Diary: Help! Search-and-rescue sell-off in a spot of trouble


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The Independent Online

When David Cameron faced MPs this week, the hubbub about Wednesday's public-sector strike was so great that a question thrown at him by a distinctly unhappy Tory MP passed almost unnoticed.

Richard Drax, who represents South Dorset, is not at all pleased that the upcoming privatisation of air-sea rescue will involve shutting down the famous Portland helicopter search-and-rescue station in his constituency.

This £6bn sell-off has not been free of glitches. It was called off suddenly in February when police were brought in to investigate an allegation of insider dealing. The more significant development is that the military will stop providing helicopter pilots for air-sea rescue. For many years, they have treated this as a way of giving their pilots experience in dealing with emergencies, but there has been so much on-the-spot training in foreign wars over the past decade that it is not thought necessary any more. The possible flaw here is that when Britain's armed forces are pulled out of Afghanistan it could be a while before any government ventures into another foreign war, and the military could find itself short of pilots with genuine experience. Of course, there is always Prince William.

A valuable question from Ashcroft

Lord Ashcroft, the multimillionaire who bankrolled the Conservative Party during its darkest years, asked a good question this week: whether the report on political party finance by the Committee on Standards in Public Life "represents good value for money". Considering that it cost an estimated £445,000 and it appears that nothing has been agreed because of it, you sort of know the answer.

Sarkozy invokes Napoleon spirit

How appropriate that Nicolas Sarkozy should choose Toulon as the setting from which to deliver a speech dashing David Cameron's hopes of averting a new European Union treaty. It was at Toulon, in 1793, that Napoleon Bonaparte first established his reputation by inflicting defeat on a British force who had come to the aid of royalist rebels.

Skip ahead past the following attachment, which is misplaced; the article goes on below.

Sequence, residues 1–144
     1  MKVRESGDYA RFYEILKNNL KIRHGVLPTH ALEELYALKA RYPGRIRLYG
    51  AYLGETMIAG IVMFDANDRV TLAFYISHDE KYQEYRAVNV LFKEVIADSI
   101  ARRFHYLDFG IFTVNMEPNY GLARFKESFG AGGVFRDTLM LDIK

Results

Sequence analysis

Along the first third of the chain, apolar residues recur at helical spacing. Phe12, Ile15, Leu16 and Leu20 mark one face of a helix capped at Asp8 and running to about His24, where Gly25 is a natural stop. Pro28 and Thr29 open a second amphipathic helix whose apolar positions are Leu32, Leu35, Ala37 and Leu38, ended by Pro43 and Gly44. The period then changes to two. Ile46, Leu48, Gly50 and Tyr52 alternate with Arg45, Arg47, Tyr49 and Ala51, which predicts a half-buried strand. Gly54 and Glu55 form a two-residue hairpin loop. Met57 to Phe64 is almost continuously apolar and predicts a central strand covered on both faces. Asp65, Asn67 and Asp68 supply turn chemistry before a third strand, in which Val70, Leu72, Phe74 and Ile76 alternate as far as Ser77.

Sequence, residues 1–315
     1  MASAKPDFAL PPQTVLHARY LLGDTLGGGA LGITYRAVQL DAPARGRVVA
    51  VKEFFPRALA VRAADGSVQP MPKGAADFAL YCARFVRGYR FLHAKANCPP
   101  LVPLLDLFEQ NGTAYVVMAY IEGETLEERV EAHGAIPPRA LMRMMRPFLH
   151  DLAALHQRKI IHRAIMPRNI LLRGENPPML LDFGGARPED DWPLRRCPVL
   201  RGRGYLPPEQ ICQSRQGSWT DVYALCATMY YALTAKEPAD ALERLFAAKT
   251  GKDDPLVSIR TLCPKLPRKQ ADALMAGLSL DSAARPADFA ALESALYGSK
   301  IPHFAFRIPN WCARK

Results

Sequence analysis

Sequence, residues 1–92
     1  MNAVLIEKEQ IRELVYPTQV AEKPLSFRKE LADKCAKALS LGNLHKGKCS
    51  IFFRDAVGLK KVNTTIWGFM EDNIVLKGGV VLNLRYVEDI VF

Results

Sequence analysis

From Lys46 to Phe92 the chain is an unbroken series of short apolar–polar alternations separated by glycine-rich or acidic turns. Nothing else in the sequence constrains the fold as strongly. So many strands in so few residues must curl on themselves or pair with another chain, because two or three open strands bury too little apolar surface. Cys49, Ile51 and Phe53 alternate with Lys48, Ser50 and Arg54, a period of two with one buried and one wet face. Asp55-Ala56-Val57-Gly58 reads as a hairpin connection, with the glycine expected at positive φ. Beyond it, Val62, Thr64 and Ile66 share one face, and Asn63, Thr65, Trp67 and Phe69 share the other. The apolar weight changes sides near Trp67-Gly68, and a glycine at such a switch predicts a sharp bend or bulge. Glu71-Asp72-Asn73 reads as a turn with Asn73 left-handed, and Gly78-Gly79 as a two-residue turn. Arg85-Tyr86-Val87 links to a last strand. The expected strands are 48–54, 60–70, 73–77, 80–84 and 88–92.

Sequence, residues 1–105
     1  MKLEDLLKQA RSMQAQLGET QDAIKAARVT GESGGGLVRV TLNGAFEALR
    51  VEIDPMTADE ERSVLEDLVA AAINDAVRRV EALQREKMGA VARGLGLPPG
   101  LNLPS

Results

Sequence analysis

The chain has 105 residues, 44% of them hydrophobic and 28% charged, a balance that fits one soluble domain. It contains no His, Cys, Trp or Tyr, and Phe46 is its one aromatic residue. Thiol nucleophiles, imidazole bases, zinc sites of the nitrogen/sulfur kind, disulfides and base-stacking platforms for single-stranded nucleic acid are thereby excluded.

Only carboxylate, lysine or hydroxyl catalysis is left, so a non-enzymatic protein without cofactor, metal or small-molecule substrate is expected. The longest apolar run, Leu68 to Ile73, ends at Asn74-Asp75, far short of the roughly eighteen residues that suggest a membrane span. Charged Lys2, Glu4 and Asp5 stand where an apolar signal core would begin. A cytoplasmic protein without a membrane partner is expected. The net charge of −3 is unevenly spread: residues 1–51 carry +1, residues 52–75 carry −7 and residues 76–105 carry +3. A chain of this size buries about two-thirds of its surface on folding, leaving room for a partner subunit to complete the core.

Gillard: even bigger than Gavin & Stacey

A woman from Barry, south Wales, has not only achieved more fame world-wide than either Stacey or Nessa of the Gavin & Stacey series, but she is now better-paid than Barack Obama. A remuneration panel has decided to increase the annual salary of Australia's Prime Minister by A$90,000. That puts Julia Gillard, the daughter of a Barry railway worker, on a salary of about £300,000 a year – more than twice David Cameron's pay.

Young councillor to young offender...

Kyle-Noel Taylor, a teenage, independent councillor on Newcastle-under-Lyme Borough Council in Staffordshire, missed the councillor's surgery yesterday that he promised to hold every Friday. He will also have to send apologies for absence to future council meetings, because he is in a young offenders' institution. On Thursday, a court sentenced Taylor to six months for violently assaulting his girlfriend. He will be automatically disqualified from the council unless he can successfully appeal.

'Ballistic' Prescott calms down for internet age

John Prescott, the former deputy prime minister is doubtless a sweeter tempered fellow now that he has found a new role as a Twitter star than he was in the old days, when his temper was notorious.

The former editor of Tribune, Mark Seddon, recalls in his memoir Standing For Something, that he got a call from Prescott, who had expected a full account of a meeting he had addressed to be in Seddon's newspaper, when it had made only a diary entry.

"JP went ballistic, letting loose a stream of invective and consciousness so intense that I was utterly lost for words and decided on the method of least resistance: ie not responding at all," Seddon writes. "This seemed to work, as eventually the flow slowed and quietened and ended with what might be compared to some verbal 'pop-popping'. Finally JP concluded, 'Well, that's it then.' I was left in shock."